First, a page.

5 Web Design Rookie Mistakes You Should Avoid

Posted by in Basics, Featured, Project Management, Tips, Web Design | 0 comments

5 Web Design Rookie Mistakes You Should Avoid

There are two ways to learn any skill. One is by experience and the other is by being taught from someone who already has that experience. As with any skill, there are common web design mistakes that nearly everyone makes early on. Here, I want to guide you through five of the most common rookie mistakes, so that you can learn from my mistakes rather than from the school of hard knocks.

Here are 5 mistakes that every web design rookie makes that you should avoid!

1. Starting a project that isn’t fully defined

Would you start making a cake without a recipe? Would you start building a house without a blueprint? Then why in the world would you start a website without a Statement of Work (SOW) contract? I will tell you why:  Because you can. But that doesn’t mean that you should.

If you don’t have an SOW, how will you know when the project is done? How will you know when to invoice your client? How will you know how much to invoice them? How are you even sure that you know what the client really wants? They may have given you reams worth of information, but if you haven’t repeated it back to them with their approval that you understand, then you are just shooting in the dark. Shooting in the dark is a good way for someone to get hurt, and in the end, it will almost always be you!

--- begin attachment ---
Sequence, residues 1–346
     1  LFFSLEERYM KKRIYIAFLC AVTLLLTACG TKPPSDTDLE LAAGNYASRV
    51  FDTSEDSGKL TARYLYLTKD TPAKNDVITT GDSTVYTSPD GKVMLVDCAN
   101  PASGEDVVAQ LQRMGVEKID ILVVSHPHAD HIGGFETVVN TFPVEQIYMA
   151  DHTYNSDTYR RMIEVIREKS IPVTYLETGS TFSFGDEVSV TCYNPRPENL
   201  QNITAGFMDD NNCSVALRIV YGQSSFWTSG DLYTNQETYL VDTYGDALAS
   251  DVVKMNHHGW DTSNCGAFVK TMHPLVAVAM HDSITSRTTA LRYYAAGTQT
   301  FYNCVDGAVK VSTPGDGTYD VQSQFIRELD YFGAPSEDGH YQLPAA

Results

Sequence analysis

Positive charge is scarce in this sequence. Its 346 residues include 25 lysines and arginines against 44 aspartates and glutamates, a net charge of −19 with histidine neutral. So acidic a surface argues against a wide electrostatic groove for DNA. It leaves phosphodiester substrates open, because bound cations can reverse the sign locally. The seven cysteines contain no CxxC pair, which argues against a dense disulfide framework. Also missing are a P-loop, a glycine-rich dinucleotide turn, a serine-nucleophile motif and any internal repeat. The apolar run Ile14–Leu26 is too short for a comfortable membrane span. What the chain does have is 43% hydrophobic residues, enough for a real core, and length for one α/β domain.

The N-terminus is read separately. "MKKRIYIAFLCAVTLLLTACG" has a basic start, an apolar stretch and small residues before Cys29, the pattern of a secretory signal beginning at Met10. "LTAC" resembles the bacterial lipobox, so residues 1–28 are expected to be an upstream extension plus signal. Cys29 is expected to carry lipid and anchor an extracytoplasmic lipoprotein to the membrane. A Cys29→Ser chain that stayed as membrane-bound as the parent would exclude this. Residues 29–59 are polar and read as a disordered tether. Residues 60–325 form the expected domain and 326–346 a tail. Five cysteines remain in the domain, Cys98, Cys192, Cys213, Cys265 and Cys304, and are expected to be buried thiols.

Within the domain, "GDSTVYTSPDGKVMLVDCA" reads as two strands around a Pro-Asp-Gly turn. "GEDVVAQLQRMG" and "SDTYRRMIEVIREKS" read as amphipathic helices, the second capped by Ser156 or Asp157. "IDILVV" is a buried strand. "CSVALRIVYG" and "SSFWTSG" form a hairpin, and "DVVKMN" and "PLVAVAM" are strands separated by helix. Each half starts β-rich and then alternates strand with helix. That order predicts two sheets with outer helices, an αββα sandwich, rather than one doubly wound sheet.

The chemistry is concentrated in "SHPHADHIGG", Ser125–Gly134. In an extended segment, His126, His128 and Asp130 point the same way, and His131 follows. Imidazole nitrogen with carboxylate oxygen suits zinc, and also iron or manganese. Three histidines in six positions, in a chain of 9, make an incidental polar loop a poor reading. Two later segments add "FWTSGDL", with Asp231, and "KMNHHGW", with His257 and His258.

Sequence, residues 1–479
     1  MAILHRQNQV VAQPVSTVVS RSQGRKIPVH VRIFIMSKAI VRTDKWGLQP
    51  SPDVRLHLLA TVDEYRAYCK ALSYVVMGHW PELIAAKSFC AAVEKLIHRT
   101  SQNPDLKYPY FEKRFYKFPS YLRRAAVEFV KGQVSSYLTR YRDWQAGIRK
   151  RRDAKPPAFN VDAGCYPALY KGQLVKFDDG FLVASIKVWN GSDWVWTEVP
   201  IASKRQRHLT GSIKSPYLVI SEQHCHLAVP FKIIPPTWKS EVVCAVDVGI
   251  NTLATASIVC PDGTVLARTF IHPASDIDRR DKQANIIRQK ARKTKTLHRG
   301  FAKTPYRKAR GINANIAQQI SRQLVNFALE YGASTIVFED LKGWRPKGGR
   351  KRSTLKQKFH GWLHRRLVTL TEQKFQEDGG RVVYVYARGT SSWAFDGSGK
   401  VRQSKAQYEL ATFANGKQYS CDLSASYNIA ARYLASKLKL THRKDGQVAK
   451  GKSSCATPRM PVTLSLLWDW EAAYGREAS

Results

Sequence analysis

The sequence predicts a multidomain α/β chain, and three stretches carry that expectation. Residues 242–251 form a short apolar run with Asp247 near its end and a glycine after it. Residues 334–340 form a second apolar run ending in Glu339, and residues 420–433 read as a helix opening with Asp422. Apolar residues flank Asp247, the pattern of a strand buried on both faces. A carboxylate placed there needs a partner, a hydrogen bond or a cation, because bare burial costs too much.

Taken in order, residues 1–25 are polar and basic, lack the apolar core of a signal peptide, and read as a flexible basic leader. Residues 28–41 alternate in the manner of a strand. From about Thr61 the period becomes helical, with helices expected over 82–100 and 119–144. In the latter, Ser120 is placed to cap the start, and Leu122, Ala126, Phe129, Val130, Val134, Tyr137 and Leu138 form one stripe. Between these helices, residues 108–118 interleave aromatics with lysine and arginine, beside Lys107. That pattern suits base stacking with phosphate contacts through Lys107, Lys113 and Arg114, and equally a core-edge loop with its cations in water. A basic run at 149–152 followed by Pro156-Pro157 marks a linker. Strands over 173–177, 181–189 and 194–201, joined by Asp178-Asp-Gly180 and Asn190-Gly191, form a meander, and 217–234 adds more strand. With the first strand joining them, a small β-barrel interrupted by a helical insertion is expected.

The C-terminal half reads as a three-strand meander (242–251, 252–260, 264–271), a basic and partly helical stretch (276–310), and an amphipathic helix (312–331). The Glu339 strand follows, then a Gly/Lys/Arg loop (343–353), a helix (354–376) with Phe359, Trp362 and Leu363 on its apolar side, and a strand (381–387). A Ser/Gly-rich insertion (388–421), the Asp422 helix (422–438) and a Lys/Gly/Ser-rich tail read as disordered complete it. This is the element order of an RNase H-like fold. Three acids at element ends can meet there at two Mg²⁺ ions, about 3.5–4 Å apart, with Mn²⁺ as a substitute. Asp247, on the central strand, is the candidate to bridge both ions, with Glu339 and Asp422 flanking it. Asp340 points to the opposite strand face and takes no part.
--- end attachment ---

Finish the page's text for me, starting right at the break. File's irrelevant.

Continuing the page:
The SOW defines the project, it defines your relationship with your client, and it defines how and when you will get paid. You do like to get paid, right? It puts a clear fence around a project saying what is and what isn’t part of the project, and it tells everyone what “done” is. Unless you have a client with a bottomless bank account and endless patience, not knowing what “done” means for a project can be a nightmare.

Never start a web design project without a clear website agreement contract.

2. Getting in over your head

A lot of bad things happen when you get in over your head. The worst part is that you become a liar. You can’t live up to your promises if you have taken on too much work, or work that you don’t know how to do, or both. This can be a quick way to damage your career as a web designer.

Several years ago I hired a web designer for my team who had made him/herself out to be more experienced and knowledgeable than he/she really was. It was a very painful few months of repeated training, declining team morale, disciplinary measures and eventual termination.

It can quickly hurt your freelance career, too. Repeat business is vitally important for any business. Over promising and under delivering will guarantee that you won’t have any. Worse than that, word of mouth is a powerful thing that can either work for you, or against you.

It is a good policy to always under promise and over deliver.

3. Not testing a website

You wouldn’t drive a new car design that had never been tested, would you? Okay, that isn’t really fair; cars and websites are very different. No one is going to die if your website has a bug in it, or will they….? No… Probably not.

It is a little known secret that one of the major differences that separates the pros from the amateurs is that the pros seriously test their websites before letting their clients see them and before the final hand-off to their client. I have already written about this extensively, but in short, make sure to test each page in every major browser and at the lowest resolution you would expect, the highest, and mobile.